Let’s just take \(T\) to be ZFC now and assume that ZFC is consistent. Since \(\mathbf{Con}(\mathbf{ZFC})\) is not provable in \(\mathbf{ZFC}\), \(\mathbf{ZFC} + \neg \mathbf{Con}(\mathbf{ZFC})\) is somehow consistent, and so has a model \(\mathcal M\). This model somehow believes \(\mathbf{ZFC}\) is inconsistent, despite apparently being living proof that this is not true. But in this model, \((\exists x) \phi(x)\) is true. The witness \(n\) cannot be (the image of) a standard natural number: if \(\phi(n)\) were true then ZFC would be inconsistent, contrary to our assumption, and if it were false, then PA would prove \(\neg \phi(n)\), and we would have a contradiction to the truth of \(\phi(n)\) in the model \(\mathcal M\). Hence any model of \(\mathbf{ZFC} + \neg \mathbf{Con}(\mathbf{ZFC})\) will have non-standard natural numbers.

I mention this to ease into discussing the halting problem. The understanding that I have developed is that models with non-standard natural numbers have a skewed internal understanding of “finite” which does not agree with the standard one. Hence this model \(\mathcal M\) will believe that it has a finite number decoding to a valid proof of \(0 = 1\), this number will essentially be “infinite” and not correspond to a finite, genuine proof. I will make this interpretation clearer when we discuss the halting problem.

#### The Halting Problem

I suppose this bit is the whole point of this note, a correspondence between provability and computability and senses in which they are equivalent for computably enumerable theories.

It’s a classic theorem of Turing that the halting problem is not computable. That is, there is no Turing machine that accepts an index \(e\) of a Turing machine and determines whether it halts on input \(e\) (by some diagonalisation, this is equivalent to the question of whether a given program \(e\) halts on a given input \(x\)). We now interpret this in terms of non-provability.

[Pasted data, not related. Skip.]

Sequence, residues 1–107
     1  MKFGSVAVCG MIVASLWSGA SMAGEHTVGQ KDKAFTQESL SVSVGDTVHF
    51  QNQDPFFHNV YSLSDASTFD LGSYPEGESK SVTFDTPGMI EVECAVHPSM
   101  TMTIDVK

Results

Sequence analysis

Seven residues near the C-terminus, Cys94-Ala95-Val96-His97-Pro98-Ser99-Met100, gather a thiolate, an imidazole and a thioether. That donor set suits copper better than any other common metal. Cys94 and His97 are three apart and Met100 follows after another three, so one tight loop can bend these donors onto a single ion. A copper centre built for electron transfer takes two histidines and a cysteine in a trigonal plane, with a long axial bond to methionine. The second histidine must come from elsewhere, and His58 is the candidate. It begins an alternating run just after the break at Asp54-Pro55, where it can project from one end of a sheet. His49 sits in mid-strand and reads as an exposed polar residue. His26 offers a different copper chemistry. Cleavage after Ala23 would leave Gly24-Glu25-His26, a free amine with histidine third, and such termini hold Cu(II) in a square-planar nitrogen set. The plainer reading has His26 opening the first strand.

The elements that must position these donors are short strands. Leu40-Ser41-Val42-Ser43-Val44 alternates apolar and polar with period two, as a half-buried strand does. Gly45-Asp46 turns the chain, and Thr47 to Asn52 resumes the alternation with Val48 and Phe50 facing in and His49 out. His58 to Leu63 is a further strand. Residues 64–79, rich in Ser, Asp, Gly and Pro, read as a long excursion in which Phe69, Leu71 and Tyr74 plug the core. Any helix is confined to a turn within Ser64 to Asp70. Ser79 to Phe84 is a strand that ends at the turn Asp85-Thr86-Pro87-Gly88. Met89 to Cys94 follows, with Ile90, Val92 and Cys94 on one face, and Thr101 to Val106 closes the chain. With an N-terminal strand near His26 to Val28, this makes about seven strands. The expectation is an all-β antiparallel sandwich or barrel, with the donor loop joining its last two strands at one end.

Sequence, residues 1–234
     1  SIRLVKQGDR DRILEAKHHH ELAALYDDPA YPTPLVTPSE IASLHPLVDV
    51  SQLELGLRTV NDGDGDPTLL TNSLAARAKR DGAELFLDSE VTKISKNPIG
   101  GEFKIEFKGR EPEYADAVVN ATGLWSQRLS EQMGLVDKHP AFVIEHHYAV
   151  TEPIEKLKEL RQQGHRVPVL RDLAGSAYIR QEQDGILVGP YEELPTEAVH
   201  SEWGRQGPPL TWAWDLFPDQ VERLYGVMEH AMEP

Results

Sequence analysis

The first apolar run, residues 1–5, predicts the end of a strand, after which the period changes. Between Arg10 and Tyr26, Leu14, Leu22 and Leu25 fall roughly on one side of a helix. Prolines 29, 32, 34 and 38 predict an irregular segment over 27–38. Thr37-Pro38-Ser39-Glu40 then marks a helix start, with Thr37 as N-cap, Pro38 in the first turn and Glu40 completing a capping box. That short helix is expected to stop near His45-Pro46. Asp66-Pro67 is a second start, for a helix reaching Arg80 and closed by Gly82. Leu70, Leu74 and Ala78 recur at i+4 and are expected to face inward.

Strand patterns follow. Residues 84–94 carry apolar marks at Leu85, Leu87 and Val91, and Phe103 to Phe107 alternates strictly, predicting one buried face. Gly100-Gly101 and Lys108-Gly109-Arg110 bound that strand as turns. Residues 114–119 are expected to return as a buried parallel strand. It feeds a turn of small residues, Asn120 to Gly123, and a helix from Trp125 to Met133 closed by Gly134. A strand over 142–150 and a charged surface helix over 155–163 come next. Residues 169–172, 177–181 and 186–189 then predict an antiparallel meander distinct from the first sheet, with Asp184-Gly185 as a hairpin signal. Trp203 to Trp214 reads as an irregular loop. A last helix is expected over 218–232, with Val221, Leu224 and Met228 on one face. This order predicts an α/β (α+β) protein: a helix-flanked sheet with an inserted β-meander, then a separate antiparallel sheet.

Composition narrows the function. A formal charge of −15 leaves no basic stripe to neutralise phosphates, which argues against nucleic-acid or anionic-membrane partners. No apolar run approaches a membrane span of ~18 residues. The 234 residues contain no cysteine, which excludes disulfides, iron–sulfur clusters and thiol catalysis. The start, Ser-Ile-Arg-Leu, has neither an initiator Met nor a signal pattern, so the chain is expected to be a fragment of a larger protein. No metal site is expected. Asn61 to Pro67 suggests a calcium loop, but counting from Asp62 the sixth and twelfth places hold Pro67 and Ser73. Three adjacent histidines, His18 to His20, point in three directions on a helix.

In a certain way, determining whether \((\exists x) \phi(x)\) in the standard model is equivalent to the question of whether a certain Turing machine halts. Simply for each step \(s\), we check \(\phi(s)\), and halt if it is true. In the same way, determining whether \((\forall x) \phi(x)\) in the standard model is equivalent to the question of whether a certain Turing machine does not halt, we halt if we encounter an \(s\) for which \(\neg \phi(s)\).

I think the utility of this analogy is that it drives home how arithmetic fact can be understood as fully determined. A Turing machine either exhibits certain behaviour or it doesn’t, whether it halts on an input is an intrinsic nature of the source code. If a machine halts, we will be able to observe this by simply letting the machine run. However, if the machine does not halt we will never “see” it. If we call it quits after a day of runtime, it might have halted on the second. We would have to do some kind of logical analysis of the source code. Non-provability of halting just means that this analysis may be impossible in a given set of axioms, say PA or ZFC.

The halting problem essentially tells us that for at least one program (in fact, infinitely many), we have non-halting and we cannot determine this with any analysis within PA or ZFC. Suppose that whenever a Turing machine halted, ZFC could prove it. ZFC is computably enumerable, and so we can make a list of all logical sequences possible from axioms of ZFC. We can hence enumerate all proofs of true statements in ZFC. Now, for each Turing machine \(e\) on input \(e\), ZFC will either prove that it halts or prove that it doesn’t. We can therefore craft a Turing machine that given \(e\) will look for a proof that the machine with index \(e\) halts on input \(e\) and simultaneously a proof that it doesn’t. It will find one or the other. We can have the machine halt and print \(1\) if a proof in the affirmative is found, and \(0\) otherwise. This Turing machine will solve the halting problem, contradicting non-computability. Hence there is at least one machine whose halting behaviour is independent of ZFC. By repeating this argument with machines with index \(e > N\), we get this independence for infinitely many machines.